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  1. #1
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    V-Brake routing. Is there a better way?

    Hello All,
    I built up a bike yesterday (Yeti FRO) with V's. The problem is the cable guides are on the right side of the top tube so I have this big tight S turn behind the seat tube to the noodle. An alternative would have been to run full housing at the bottom of the top tube (strapped to the hydro hose guides) which I may still do if I don't get good braking with this setup.
    Does anyone have any ideas on a different cable routing method or noodle system to make the bend less extreme (I know there are V's out there where you can switch noodle sides but I want to keep the Shimano V's since this is a budget build)?
    Thanks...

  2. #2
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    If you can run full housing, do that. It's better for mountain biking and will align things much better.

  3. #3
    T_N
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    I don't have very good depth perception with that picture, would it be possible to run the cable on the other side of the seat tube.

  4. #4
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    It looks like Yeti was thinking disc and included the V-brake bosses as an afterthought, If you could pickup some Avid Ultimates they do have that reversible noodle that would work.

  5. #5
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    TN,
    The routing will be funkier over the top tube and around the seatpost. There are hydro guides beneath the top tube so I may end up running full housing for the rear V and route it that way for a cleaner look. In the mean time, the rear V is pretty powerful even with the nasty S bend (ceramic helps).
    See pic below:


    Rockyuphill- I think I'll stick with the Shimano's for now. They are pretty powerful even with the bend although I may have to clean or replace the cables/housing frequently to keep minimize drag through that curve... If I do replace the brakes, I may go hydro...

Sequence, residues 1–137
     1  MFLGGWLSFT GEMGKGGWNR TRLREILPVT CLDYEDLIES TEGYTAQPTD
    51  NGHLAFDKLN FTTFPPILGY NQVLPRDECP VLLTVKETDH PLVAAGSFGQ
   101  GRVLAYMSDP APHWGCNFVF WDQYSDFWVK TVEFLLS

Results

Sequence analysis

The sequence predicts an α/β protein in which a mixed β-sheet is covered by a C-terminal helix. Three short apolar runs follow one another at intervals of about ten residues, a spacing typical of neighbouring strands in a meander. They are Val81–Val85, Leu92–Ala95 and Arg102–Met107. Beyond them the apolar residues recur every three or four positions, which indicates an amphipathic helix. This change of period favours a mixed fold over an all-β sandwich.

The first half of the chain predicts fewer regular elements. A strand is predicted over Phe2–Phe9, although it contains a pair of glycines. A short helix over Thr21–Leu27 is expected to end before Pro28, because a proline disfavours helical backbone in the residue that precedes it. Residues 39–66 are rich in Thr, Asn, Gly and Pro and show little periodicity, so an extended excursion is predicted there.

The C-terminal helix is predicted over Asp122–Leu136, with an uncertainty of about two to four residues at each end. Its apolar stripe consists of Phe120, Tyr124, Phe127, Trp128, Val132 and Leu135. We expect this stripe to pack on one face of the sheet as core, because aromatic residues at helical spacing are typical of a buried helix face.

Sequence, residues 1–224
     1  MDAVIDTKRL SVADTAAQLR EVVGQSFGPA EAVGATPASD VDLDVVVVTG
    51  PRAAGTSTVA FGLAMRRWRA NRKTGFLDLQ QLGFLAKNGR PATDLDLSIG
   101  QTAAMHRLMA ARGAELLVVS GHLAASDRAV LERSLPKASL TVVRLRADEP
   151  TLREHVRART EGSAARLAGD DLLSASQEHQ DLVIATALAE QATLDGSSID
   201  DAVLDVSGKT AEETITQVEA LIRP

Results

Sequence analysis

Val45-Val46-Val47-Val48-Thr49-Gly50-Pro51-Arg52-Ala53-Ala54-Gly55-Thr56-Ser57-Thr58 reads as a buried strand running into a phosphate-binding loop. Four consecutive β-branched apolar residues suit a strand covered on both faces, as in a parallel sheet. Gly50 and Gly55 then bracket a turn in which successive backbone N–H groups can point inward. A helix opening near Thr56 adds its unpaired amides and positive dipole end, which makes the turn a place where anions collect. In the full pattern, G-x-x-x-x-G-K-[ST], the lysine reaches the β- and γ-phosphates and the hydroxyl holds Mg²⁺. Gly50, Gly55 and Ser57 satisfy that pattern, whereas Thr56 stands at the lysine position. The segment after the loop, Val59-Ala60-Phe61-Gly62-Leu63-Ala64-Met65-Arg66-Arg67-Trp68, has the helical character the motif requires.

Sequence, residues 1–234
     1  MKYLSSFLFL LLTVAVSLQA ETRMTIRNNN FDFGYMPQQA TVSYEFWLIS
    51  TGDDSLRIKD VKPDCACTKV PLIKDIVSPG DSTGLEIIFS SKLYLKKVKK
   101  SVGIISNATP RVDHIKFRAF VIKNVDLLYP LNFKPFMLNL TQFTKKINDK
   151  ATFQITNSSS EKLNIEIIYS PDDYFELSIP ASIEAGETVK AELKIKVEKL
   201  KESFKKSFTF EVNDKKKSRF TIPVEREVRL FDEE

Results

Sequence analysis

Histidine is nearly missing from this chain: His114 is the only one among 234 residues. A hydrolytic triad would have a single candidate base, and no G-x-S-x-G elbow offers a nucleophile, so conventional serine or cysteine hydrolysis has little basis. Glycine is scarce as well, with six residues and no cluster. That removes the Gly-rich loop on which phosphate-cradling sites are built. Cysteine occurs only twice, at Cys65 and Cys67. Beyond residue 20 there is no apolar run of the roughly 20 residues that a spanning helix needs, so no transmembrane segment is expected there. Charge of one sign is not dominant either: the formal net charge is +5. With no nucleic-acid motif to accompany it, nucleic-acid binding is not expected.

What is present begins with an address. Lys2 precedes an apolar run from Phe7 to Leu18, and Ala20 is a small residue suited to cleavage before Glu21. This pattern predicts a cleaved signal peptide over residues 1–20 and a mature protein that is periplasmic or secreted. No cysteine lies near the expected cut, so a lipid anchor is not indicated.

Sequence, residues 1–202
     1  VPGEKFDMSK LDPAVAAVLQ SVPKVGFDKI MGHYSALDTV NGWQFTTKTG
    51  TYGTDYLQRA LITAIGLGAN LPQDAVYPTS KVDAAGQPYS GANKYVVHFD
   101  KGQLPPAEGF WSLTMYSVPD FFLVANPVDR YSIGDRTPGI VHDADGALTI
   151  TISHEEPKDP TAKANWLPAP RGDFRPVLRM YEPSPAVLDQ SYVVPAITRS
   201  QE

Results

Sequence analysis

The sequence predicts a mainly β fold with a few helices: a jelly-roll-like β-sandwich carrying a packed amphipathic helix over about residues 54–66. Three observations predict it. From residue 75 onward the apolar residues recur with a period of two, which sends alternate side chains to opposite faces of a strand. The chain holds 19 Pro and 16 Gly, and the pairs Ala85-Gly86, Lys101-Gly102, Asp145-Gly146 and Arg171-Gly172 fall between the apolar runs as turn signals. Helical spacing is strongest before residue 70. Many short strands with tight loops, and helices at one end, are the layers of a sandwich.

6. #6
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    Avid Ultimate V's have the oppertunity to switch the thing the noodle goes through from left to right.

    That would be the only real solution for your problem I guess.

  7. #7
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    Could you just run full housing on the left side of the top tube and zip tie the housing down? Basically, ignoring the current cable guides.

  8. #8
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    i'm going to be doing a frame swap that invovlve a Yeti ARC...i was wondering how the heck I was going to cleanly route that rear brake. Seeing those pictures, I'm tempted to call the customer and ask if he would open to running full brake housing.

  9. #9
    wyrd bi ful rd
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    Quote Originally Posted by the Inbred
    ... doing a frame swap that involve a Yeti ARC ... i was wondering how the heck I was going to cleanly route that rear brake ... seeing those pictures ...
    My 05 yeti ARC has all the cable guides on the other side of the frame ... and a disc brake hose guide on the bottom of the top tube.

    20070901 yeti arc 69er HTR top tube MTBR FORUM.jpg

  10. #10
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    What if you run the front brakes in the rear and the rear brakes in the front? That should get the noodle on the other side...but then your front setup would be flipped, which probably isn't that big of an issue since it's just a solid cable...

    Jared

  11. #11
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    Quote Originally Posted by averen
    What if you run the front brakes in the rear and the rear brakes in the front? That should get the noodle on the other side...but then your front setup would be flipped, which probably isn't that big of an issue since it's just a solid cable...

    Jared
    Will not work. There is no difference between front and rear V brakes. The noodle is on opposite sides F & R because the brake bosses face in opposite directions.
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  12. #12
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    Quote Originally Posted by shiggy
    Will not work. There is no difference between front and rear V brakes. The noodle is on opposite sides F & R because the brake bosses face in opposite directions.
    Ya, I looked at my bike just after I posted that and realized that was the case mia culpa.

    For some reason I was thinking the cables both came out the same side.

    Jared

  13. #13
    PCC
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    You could always run a full-length rear brake cable and route it on the other side, held down with a zip-tie.

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